The year 2018 ended on a high note for the Shaldon Wildlife Trust with the births of two endangered Tamarins.
Tamarins are a group of Monkeys native to Central and South America. There are more than 30 species of Tamarins, and most are roughly the size of a squirrel.
A Pied Tamarin (not pictured) arrived in late October, the 12th to be born at the zoo. This species is found only in a small slice of tropical rain forest near the Brazilian city of Manaus. Pied Tamarins require highly specialized care and feeding, so zoo births are rare. The species is listed as Endangered by the International Union for Conservation of Nature (IUCN), because it is threatened with habitat loss.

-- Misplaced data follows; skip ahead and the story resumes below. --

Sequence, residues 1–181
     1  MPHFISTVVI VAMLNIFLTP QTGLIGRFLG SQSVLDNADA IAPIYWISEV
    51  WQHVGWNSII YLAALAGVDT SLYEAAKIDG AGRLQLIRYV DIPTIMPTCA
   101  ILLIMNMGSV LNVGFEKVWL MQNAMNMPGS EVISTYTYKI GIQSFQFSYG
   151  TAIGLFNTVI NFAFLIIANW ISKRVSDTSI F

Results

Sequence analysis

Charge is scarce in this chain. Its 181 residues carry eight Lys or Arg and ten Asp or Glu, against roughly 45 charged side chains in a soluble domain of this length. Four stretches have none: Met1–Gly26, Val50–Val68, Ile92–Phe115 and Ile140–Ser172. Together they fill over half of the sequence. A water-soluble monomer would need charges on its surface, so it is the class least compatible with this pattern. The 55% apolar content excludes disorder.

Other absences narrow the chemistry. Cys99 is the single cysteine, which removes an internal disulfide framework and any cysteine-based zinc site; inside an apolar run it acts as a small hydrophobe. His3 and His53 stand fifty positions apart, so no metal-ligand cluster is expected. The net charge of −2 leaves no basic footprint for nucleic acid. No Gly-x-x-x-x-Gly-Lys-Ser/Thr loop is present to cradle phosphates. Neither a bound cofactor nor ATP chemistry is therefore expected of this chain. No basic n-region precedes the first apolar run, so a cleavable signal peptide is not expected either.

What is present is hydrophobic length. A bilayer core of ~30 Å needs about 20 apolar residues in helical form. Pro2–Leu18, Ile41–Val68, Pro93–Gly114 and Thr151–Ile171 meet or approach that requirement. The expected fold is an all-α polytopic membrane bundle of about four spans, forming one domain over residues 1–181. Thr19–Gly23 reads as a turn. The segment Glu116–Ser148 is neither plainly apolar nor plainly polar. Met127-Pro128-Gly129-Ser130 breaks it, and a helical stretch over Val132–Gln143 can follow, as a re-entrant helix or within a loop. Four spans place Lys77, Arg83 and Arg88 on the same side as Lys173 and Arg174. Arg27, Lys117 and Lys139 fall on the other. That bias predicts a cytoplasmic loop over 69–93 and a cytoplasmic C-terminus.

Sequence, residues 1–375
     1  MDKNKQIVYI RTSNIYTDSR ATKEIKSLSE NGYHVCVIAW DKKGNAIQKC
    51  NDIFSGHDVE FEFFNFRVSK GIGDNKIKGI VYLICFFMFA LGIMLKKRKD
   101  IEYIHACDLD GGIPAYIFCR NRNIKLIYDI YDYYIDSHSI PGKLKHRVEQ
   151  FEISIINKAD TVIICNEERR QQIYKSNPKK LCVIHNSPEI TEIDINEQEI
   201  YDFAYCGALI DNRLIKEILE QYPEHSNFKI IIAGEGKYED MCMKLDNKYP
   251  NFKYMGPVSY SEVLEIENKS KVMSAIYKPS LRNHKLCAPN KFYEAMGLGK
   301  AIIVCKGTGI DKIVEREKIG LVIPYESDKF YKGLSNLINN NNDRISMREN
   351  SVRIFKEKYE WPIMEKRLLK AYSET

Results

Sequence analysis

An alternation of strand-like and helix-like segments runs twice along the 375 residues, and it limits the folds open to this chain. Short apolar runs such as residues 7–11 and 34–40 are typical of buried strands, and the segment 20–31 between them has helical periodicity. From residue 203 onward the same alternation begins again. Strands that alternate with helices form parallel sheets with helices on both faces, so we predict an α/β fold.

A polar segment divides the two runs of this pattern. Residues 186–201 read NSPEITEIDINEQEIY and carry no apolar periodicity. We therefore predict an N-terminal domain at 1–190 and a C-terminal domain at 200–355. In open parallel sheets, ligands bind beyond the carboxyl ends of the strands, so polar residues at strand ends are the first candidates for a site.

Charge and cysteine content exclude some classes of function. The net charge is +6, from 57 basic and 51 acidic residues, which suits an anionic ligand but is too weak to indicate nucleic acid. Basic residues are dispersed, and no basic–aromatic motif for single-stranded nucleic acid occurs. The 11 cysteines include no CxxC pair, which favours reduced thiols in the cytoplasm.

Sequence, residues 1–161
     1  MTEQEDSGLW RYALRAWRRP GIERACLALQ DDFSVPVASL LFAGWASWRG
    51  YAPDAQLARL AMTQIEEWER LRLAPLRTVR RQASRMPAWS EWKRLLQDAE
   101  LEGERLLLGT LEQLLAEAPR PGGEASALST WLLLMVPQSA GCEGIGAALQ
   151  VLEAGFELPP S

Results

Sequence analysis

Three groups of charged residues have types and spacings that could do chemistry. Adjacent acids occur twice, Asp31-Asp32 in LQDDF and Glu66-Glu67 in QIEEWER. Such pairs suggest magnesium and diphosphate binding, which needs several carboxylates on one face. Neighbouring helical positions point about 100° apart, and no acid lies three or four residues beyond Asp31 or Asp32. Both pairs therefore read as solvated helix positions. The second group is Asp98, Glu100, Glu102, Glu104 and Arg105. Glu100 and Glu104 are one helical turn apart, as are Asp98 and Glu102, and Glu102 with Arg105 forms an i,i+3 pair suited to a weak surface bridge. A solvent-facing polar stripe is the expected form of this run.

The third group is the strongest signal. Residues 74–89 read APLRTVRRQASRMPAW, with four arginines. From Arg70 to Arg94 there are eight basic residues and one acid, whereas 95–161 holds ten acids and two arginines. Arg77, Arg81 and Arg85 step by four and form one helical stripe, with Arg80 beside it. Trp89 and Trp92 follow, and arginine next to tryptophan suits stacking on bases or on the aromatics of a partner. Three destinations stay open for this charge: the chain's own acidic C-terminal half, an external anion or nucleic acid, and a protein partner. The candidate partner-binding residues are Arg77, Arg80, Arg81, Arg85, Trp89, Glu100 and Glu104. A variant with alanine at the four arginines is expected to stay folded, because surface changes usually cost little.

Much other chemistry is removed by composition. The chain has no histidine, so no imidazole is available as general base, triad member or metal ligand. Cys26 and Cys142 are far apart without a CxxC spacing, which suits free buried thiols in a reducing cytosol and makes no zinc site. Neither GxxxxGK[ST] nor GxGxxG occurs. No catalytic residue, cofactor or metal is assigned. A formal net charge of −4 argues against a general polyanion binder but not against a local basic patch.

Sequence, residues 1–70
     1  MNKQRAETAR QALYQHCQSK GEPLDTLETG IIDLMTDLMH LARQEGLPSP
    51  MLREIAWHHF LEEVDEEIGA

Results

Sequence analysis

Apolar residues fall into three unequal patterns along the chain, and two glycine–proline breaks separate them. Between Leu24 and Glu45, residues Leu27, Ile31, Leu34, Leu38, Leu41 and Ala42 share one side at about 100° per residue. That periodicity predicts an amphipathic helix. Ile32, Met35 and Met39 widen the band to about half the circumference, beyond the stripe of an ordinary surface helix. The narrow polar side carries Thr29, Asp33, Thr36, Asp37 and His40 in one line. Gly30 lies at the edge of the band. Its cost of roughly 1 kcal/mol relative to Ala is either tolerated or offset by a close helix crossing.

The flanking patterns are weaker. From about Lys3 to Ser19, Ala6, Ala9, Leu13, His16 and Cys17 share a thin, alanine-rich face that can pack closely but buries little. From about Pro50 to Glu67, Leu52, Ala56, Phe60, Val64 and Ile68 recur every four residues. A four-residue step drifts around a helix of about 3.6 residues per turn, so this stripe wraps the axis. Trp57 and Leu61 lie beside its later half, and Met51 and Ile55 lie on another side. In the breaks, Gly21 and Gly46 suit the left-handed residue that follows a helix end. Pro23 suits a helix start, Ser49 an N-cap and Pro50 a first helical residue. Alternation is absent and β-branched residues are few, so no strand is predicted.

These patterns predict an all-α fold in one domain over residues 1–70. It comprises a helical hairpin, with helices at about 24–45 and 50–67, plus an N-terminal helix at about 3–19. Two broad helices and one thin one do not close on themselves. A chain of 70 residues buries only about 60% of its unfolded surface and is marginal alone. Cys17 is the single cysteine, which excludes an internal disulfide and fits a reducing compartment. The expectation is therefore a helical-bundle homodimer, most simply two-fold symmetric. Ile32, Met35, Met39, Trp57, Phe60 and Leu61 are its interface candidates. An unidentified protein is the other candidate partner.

A Cotton-top Tamarin born this fall is the first to be born at the facility in 15 years. The baby was born to parents Tina and Turner, who are providing excellent care for their offspring. Males assist the female by carrying the baby on their back.
Like their cousins the Pied Tamarins, Cotton-top Tamarins are native to South America and have a unique diet that includes tree sap. They are listed as Critically Endangered by the IUCN, with only about 6,000 individuals remaining in the wild. They were once listed as one of the 25 most endangered Primates in the world.
Cooperative breeding programs among zoos help to maintain a high level of genetic diversity within the zoo-dwelling population. Once these two babies have grown up, they will likely move to other European zoos and breed with unrelated individuals, thus bolstering the species.